It would seem that the computer is not a common matrix for communication. On the contrary, it is the failed attempts to make it a common matrix which are generating interesting insights into linguistic processes. Possibly these insights may eventually lead to a common system of communication but, if achieved, this unification might reduce the dynamic creative interaction of different disciplines to an uncreative tautology expressed in a single language. This may be the basis of a paradox by which every dynamic and successful culture eventually makes itself extinct by reducing environmental complexity to such an extent that the decadent pursuit of pleasure is apparently the only possible remaining activity.

Focus on the computer as universal machine may also prevent us from seeing other things (such as holography, transputers, networks and even natural systems) as useful models of systems that generate and communicate (new) ideas.

ii. The Computer as an Organisational Problem

Because the computer is a machine there is a tendency to consider it as being principally the concern of the technical scientists. Certainly there is a tendency for scientists and technicians to try and persuade others that the computer should be left to them and one should not trouble ones pretty little head with problems about what goes on "under the motor-cap".

In practice, because the computer is a universal simulation machine, the technical problem is almost reduceable to the question "How many bits can we get on the head of a pin?". Questions regarding which processes can be simulated, how they are to be simulated and what are the implications of the simulation are often infinitely more complex, interesting and, in general, more relevant to the social and commercial structure of society.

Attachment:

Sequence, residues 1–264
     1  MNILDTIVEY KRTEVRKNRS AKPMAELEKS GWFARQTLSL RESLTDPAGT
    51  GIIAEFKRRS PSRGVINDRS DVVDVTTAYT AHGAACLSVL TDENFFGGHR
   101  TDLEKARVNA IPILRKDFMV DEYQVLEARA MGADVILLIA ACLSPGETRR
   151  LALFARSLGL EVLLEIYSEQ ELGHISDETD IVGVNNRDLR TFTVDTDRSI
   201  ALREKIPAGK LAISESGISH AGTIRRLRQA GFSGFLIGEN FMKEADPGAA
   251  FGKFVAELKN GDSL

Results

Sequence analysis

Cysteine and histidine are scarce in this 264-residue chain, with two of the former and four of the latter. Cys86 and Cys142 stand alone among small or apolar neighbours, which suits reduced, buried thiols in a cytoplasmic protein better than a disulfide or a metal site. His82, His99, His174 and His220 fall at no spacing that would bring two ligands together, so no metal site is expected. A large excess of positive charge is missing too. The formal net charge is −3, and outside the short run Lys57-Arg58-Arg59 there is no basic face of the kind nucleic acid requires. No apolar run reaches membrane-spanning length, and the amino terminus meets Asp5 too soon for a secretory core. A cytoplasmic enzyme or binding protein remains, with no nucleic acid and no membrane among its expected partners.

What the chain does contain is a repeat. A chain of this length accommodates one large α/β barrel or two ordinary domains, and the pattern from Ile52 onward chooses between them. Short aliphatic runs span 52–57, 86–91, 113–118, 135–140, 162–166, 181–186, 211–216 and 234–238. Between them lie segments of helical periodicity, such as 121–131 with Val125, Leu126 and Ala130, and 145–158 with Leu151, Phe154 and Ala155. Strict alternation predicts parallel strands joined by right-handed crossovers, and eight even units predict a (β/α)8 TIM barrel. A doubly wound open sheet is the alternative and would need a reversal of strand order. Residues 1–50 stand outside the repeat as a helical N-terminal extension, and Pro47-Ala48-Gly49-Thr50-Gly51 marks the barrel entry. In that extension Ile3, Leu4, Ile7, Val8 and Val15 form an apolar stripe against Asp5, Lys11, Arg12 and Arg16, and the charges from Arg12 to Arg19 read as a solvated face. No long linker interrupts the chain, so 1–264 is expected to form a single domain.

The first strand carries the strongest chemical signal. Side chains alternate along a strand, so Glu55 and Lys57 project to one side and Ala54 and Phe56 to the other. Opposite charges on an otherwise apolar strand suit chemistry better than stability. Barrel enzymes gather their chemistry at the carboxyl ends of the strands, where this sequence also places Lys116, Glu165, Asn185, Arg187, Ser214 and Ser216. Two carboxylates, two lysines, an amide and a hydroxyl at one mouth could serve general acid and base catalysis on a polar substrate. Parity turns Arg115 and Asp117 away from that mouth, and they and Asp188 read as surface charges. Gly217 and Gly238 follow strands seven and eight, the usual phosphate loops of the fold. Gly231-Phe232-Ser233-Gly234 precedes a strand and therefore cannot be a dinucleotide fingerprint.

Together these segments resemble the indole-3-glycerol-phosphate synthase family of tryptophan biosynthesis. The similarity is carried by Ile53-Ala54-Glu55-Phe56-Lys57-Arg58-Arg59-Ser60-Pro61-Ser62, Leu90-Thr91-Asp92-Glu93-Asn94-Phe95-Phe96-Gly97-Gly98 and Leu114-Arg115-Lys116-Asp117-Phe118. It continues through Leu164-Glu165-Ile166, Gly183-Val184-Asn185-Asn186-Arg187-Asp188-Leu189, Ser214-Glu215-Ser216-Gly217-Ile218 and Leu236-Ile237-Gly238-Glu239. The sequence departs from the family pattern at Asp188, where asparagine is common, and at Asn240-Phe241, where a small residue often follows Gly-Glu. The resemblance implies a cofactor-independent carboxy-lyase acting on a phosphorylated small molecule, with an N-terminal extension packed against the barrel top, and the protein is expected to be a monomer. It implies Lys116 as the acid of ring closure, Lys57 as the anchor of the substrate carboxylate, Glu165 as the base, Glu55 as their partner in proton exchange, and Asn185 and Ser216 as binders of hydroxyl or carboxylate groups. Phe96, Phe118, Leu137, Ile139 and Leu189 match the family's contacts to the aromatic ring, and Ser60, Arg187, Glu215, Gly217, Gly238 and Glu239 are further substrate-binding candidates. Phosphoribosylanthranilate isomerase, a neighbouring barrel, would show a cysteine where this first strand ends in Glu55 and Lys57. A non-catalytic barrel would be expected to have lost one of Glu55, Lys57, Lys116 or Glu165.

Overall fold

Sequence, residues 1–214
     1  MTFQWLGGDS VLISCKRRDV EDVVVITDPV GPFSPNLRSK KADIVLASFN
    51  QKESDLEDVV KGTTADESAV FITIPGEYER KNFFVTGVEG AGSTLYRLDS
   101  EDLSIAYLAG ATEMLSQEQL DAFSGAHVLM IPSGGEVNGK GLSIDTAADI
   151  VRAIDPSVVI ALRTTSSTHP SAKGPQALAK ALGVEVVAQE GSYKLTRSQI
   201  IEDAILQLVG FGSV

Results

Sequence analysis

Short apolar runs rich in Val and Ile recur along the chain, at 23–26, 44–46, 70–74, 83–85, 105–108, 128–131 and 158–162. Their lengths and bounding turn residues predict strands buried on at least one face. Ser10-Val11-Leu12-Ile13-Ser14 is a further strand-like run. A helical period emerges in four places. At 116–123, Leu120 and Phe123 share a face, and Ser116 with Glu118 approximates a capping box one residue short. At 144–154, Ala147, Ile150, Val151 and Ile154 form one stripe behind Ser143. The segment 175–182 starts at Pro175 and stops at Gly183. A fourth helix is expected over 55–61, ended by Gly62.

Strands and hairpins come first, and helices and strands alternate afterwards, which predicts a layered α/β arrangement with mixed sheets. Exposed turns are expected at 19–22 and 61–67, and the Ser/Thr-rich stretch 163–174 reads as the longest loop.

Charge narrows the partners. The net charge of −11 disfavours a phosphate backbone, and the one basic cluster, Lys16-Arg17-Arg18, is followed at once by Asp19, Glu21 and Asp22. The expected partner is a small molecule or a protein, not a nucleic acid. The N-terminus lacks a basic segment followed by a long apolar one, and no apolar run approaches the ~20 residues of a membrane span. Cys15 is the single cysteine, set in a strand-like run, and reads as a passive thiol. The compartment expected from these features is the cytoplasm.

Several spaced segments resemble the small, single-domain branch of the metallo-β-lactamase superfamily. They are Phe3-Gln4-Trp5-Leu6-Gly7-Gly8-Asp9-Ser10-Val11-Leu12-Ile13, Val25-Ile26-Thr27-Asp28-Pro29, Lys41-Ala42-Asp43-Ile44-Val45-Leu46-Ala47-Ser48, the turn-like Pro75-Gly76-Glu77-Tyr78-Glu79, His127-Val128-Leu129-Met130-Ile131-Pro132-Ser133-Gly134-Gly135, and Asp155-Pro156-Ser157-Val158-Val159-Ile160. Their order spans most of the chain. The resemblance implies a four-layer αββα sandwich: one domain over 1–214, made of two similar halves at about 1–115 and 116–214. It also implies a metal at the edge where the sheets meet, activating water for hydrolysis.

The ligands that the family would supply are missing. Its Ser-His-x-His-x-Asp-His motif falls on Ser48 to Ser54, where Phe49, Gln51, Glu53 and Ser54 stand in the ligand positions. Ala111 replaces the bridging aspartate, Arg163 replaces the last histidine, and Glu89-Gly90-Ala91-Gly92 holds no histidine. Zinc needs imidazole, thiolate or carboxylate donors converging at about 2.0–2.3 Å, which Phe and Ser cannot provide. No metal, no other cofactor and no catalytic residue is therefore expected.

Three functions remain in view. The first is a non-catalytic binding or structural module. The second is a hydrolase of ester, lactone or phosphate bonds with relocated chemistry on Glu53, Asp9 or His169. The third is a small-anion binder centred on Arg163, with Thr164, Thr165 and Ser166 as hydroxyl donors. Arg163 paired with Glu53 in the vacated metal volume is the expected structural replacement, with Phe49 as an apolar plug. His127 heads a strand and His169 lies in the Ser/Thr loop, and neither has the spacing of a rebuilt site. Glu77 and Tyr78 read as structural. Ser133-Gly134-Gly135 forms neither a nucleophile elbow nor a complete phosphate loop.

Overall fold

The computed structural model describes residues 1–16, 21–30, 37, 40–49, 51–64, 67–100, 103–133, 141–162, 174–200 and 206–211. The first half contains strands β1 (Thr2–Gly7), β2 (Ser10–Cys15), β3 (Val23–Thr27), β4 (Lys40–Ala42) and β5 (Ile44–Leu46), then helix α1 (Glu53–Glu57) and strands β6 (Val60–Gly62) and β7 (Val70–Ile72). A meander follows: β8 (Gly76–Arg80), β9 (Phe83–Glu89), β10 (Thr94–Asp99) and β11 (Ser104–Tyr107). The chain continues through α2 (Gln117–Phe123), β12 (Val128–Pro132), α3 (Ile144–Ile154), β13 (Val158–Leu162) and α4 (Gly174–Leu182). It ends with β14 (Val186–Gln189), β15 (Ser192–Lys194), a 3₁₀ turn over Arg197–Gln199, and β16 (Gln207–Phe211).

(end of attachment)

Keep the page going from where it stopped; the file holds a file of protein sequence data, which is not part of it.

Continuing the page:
Gradually it is becoming (almost painfully) obvious that the principle problems involving the computer (even on a technical level) are concerned with the definition and description of universes of use and the organization of the resulting complexity. Perhaps in the future the question "How can the computer scientist use the artist?" may be even more important than "How can the artist use the computer?".

iii. A Linguistic definition of Technology

Just as some musicologists and some art historians need to be reminded that history does not end around 1900, so do most people who talk about technology need to be reminded that the concept of technology was not discovered in mid-twentieth century Europe or America.

By considering technology as a linguistic process (which generates sets of objects, procedures and grammars in the physical domain) the technological process becomes easier to study in a broader context. Our understanding of the effects of the introduction of iron smelting on stone age societies, or the effect of the steam engine on Victorian rural England may be relevant to our understanding of the post-industrial electronic revolution (and visa versa).

The problem is (once again) how can one develop a "linguistic interface" which is as ontologicaly neutral as possible but still enabling a study of the relationships between grammatical structures existing in different domains.

iv. A Linguistic definition of Art

Art can also be seen as a linguistic process producing (material or immaterial) objects which are not only generated by complex interactions of personal, social and technique oriented grammars but are also a way of defining these grammars (or traditions as they may be called).

The culturally most important function of art is not its financial aspect or even its expressive aspect but (to the contrary) is concerned with its role in the formalization process.